John Frewen - Arrival and horrendous scenes

Running time
5 min 51 sec
Department of Veterans' Affairs


So we went over on a, in those days, it was very exciting. It was a US... from memory, I think it was some sort of national guard, huge aircraft. I think it was a Galaxy, A C5 Galaxy, one of these enormous cargo aircraft. And so we filed up into this thing that had this enormous cavern inside it. It was being filled with military equipment, and then we filed up into a sort of passenger area right up in the top of the plane. I'd never sort of been on one of these planes before. They were quite... we sort of seen them and sort of marvelled it in books and things, so that was all very exciting.

And then we stopped in Diego Garcia on the way, and that was of course fascinating, but there was nothing there. We got out and ran around and got back on the plane and then sort of headed on. But then when we landed in Rwanda, it was night-time. It was an airfield where there was visible signs of mortar bombs having gone off on the tarmac and the like. There was activity going on, we came off the plane, the gear was being marshalled off the plane.

I remember there were, I think, cameras and lights sort of looking at us as we came off the plane. So it was all a bit sort of a mix of excitement and disorientation. And then we were moved very quickly to an area where we got ammunition issued and all of that, so that got us very focused very quickly. And then we moved into the airport terminal and in the airport terminal, there was... And we had to be held there for some hours. And I think we were being held perhaps to be moved on to the area where we were going to be in camp, the former army barracks and the former...

Well, in fact, no. We were going to the former hospital at this stage. We were going straight into the hospital, but we then explored the airport for a couple of hours that night. And it was a scene of already of devastation and looting and ransacking. And there was pictures of the former leader that had been defaced and there were safes that had been broken open. It was complete sort of chaos, and again, all very exciting at the time.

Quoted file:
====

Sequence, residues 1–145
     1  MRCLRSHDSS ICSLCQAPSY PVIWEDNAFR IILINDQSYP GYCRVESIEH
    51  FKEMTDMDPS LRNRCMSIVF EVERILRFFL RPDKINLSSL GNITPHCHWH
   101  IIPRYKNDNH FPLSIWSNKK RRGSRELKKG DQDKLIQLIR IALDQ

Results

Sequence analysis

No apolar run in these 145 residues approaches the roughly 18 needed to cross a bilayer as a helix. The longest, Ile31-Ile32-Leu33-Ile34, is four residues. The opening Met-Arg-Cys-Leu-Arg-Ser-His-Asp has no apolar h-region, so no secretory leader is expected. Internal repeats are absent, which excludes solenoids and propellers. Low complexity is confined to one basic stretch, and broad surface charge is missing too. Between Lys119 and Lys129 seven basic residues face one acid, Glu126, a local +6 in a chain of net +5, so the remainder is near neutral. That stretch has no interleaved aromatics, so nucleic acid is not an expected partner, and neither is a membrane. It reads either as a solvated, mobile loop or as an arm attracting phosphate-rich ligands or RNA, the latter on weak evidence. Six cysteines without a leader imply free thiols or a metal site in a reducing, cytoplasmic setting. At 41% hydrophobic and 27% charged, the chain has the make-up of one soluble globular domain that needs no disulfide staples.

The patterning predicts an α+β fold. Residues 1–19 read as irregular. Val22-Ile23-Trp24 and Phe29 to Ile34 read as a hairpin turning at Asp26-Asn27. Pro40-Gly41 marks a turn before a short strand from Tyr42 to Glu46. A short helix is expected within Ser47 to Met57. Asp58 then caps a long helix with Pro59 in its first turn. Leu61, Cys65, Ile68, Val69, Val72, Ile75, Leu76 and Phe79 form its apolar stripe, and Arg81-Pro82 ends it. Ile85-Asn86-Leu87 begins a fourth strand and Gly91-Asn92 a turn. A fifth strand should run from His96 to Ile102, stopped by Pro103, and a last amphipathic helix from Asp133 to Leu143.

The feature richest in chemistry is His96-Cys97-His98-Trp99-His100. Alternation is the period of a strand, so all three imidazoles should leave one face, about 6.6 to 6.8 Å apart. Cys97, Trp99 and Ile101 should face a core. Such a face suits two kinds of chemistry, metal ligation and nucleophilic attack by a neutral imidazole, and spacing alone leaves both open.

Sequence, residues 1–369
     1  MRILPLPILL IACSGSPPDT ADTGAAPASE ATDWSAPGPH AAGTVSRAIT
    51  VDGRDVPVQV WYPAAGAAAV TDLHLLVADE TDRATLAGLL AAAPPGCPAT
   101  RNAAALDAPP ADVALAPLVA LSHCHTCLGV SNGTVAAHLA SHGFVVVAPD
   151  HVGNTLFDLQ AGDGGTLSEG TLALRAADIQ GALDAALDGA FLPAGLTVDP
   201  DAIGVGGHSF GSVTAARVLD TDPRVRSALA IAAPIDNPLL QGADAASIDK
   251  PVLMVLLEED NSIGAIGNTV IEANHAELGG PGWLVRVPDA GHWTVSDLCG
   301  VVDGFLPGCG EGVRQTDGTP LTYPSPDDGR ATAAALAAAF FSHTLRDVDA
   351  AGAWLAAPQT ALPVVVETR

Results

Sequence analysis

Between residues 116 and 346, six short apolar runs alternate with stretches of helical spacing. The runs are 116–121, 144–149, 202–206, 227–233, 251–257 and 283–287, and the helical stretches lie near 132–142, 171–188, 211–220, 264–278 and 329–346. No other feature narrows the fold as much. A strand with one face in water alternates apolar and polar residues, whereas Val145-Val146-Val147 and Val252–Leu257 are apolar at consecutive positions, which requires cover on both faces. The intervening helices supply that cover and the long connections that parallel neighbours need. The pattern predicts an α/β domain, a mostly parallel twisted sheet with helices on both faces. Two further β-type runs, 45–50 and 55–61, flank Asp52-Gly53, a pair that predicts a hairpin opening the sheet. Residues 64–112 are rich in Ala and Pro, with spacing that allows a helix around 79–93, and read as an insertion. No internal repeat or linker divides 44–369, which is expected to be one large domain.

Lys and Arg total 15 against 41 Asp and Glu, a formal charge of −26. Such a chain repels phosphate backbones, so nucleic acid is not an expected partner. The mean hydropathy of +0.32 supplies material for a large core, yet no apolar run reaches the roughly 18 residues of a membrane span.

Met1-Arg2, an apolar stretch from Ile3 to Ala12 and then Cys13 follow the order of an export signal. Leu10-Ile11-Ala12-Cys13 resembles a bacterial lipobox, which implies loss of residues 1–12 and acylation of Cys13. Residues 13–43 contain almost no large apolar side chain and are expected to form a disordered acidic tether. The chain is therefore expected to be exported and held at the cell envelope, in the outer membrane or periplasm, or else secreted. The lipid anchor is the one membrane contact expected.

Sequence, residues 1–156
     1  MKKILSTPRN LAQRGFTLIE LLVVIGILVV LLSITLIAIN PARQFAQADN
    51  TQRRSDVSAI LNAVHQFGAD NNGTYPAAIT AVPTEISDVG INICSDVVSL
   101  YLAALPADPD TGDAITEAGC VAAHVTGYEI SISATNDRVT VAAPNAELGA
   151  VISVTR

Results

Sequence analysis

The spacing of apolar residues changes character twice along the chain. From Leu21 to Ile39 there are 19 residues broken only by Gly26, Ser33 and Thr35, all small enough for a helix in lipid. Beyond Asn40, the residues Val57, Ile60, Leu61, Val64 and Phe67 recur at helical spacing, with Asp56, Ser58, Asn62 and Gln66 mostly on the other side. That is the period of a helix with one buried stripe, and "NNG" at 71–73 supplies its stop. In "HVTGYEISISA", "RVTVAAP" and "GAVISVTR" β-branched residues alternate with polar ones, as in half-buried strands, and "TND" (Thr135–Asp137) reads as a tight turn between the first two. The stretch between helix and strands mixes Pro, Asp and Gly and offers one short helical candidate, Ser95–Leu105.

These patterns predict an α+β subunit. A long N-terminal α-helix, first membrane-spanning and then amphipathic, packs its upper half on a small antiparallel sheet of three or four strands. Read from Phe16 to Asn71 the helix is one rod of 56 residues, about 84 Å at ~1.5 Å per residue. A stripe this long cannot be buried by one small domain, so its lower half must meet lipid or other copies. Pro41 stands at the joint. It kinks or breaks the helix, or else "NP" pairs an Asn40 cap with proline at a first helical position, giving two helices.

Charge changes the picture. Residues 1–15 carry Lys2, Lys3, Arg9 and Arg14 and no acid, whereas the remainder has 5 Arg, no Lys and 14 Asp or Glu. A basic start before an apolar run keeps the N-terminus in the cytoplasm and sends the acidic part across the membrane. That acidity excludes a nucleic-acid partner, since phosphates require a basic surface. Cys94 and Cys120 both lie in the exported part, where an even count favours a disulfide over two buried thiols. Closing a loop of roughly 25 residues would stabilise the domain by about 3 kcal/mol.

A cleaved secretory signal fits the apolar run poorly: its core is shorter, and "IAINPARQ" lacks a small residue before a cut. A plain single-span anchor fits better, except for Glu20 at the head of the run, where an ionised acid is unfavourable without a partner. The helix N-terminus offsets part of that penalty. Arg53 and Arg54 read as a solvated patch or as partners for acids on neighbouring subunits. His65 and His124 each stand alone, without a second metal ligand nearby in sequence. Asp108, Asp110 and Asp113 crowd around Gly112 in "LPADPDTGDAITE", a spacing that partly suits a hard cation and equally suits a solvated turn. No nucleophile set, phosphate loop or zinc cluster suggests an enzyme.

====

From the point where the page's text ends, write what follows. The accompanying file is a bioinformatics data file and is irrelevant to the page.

We didn't encounter anything particularly grizzly and gruesome at that stage, but that was what the anticipation was. So we explored for a couple of hours. And then in the morning we were moved on to the hospital and I can remember driving. We were put onto this dilapidated old, beaten-up bus and we drove through the city. And again, the city, the streets had been largely cleaned up of human remains and those sorts of things. But there weren't a lot of people around and it was very, very hot. We'd watch the sort of spectacular sunrise from the airport. Yeah, hot, few people, signs of sort of carnage rolling through these streets over these hills. It's a very spectacular sort of town, Kigali.

And then we got to the hospital and then once we were into the hospital, we found our rooms. But once we were in the hospital, then straight away, we were starting to encounter all sorts of horrendous things that had been left as a result of the massacre the way the genocide had sort of rolled out through the city. So we came into a hospital. I think it was the Mary Celeste, the ship that they found that, tables were still set. It was like this, there were desks with paperwork where you could see they were halfway through a sentence and had dropped the pen, or people had clearly been in the course of their business and had to leave very quickly.

And then as we started to explore the hospital, we started to come across clearly places where people had been sort of corralled and then massacred. There were rooms where bloodied handprints all over the walls. And there were beds where people had obviously been sort of taken to in their beds. The patients, it seemed, even though the bodies were gone, the blood and gore was still around. But the toilet bowls, clearly the patients had been left to their own devices for a very long time because all of the toilet bowls in the hospital were filled to the top and had set hard with refuse, so there was no plumbing. And as we, over the weeks ahead, started to clean up the hospital to get it ready for our medicos to come and set it up and run it as a hospital, there was gruesome tasks like having to literally chip through all of the solid human faeces and stuff, trying to somehow avoid the smell of that with gas mask, which was pointless. But it was a bit of a psychological effect along the line.

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